NASA researchers say the new model shows that the inner ocean of Europa should be able to support life,media CNET reported. It has long been suspected that Europa’s waters, which are beneath its ice crust and are affected by tidal movements or certain elements of the moon’s subsurface geology, may be habitable.
In the latest study, scientists from NASA’s Jet Propulsion Laboratory used data from the Galileo mission to simulate the composition of Europa’s hidden layers and other physical features, including its underground oceans. They found that the world’s waters may not be as acidic as previously thought.
“Our simulations, combined with data from the Hubble Space Telescope, show that chlorides on Europa’s surface indicate that water is likely to become rich in chloride,” lead researcher Mohit Melwani Daswani explained in a press release. In other words, its composition becomes more like the earth’s oceans. We believe that this ocean may be quite life-friendly. “
The study, presented Wednesday at the virtual Goldschmidt Geochemistry Conference, has not yet been peer-reviewed.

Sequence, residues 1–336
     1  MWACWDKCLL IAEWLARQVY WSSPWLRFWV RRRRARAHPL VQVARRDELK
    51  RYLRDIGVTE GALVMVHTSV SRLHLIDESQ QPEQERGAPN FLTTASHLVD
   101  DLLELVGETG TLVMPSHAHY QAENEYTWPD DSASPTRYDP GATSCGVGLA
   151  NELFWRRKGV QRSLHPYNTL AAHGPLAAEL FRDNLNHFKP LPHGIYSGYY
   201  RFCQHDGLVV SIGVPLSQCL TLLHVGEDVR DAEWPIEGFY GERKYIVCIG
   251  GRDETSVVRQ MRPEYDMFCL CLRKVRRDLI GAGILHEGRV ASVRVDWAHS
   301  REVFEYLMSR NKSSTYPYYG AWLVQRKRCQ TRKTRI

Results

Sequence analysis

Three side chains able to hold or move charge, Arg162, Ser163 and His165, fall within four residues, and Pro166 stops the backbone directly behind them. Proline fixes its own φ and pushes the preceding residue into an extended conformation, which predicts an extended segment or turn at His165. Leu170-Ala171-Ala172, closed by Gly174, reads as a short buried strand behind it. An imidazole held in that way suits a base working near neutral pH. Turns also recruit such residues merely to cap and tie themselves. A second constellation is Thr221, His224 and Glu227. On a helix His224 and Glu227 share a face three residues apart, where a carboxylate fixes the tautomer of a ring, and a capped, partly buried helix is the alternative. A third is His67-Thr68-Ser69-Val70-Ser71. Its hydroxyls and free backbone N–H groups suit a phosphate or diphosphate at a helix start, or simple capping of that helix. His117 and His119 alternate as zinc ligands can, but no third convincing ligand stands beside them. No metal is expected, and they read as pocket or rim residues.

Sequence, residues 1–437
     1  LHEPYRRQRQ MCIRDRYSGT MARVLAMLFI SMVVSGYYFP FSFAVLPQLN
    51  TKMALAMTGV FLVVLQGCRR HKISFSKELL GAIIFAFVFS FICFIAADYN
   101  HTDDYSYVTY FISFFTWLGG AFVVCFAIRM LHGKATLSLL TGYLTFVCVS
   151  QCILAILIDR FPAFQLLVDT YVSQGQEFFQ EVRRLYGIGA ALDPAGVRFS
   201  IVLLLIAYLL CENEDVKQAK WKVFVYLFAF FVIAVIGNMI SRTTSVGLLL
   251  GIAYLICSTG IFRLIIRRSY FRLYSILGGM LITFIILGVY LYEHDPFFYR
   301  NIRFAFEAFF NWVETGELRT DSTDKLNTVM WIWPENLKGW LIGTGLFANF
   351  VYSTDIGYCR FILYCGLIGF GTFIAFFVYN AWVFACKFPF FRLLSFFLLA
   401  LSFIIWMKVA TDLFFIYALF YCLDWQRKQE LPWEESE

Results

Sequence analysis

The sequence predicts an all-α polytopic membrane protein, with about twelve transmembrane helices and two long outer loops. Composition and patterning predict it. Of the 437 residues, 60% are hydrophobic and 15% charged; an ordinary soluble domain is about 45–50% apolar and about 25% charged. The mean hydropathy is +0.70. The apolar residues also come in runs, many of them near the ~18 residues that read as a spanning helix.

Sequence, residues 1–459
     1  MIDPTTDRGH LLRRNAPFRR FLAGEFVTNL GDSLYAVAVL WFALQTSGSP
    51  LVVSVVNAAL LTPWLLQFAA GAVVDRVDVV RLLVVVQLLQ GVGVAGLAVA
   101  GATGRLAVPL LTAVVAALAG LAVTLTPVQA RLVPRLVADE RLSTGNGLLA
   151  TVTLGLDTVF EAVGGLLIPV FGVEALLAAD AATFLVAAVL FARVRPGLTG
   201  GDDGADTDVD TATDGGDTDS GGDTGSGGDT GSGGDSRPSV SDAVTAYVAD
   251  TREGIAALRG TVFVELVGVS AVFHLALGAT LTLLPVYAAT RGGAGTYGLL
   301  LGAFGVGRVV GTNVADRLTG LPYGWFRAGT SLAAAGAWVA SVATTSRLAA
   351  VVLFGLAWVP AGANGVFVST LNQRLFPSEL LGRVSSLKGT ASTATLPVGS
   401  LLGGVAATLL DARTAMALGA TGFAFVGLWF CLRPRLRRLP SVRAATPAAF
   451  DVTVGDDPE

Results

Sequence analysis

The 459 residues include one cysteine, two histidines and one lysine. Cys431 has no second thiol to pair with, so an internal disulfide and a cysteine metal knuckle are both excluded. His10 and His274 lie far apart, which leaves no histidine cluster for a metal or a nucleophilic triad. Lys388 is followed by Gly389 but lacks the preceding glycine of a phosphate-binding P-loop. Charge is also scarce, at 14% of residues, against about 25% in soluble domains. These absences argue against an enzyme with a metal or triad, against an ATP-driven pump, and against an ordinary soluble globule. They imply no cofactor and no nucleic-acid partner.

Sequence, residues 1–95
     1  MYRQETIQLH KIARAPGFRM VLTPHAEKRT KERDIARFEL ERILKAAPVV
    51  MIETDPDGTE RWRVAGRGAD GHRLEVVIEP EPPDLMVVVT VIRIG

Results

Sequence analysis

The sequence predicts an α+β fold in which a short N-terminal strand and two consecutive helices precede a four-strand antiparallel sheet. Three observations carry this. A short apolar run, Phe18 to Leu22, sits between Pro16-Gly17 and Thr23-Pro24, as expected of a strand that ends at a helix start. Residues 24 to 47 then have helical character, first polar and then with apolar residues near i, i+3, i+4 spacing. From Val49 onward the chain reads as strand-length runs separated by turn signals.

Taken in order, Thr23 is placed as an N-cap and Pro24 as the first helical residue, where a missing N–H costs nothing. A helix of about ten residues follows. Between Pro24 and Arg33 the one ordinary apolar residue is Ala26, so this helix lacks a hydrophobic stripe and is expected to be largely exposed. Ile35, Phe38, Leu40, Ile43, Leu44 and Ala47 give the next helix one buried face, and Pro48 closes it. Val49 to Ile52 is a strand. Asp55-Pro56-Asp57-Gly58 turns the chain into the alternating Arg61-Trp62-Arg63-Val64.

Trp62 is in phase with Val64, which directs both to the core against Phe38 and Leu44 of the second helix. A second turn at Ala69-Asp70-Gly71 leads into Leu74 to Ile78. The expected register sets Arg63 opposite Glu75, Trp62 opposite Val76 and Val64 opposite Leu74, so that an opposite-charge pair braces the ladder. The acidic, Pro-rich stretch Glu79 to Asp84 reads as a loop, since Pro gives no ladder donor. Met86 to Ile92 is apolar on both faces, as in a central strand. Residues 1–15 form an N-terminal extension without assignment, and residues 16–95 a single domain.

Scientists have previously found a hidden ocean on TitanEnceladus, and have detected complex organic compounds in its waters that are one of the building blocks of life.
“Of course, interesting chemical reactions occur in these bodies,” said Steve Mojzsis, a professor of geology at the University of Colorado who wasn’t involved in the work. A key aspect of making a world ‘livable’ is the inherent ability to maintain these chemical imbalances. It can be said that the icy satellite slacks the ability, so this will require testing on any future mission to Europa. “
Fortunately, such a task will soon emerge. “Europa is one of our best opportunities to find life in the solar system,” Daswani said. “NASA’s Europa Clipper mission will be launched in the next few years, so our work is to prepare for this mission, which will investigate Europa’s liveability. “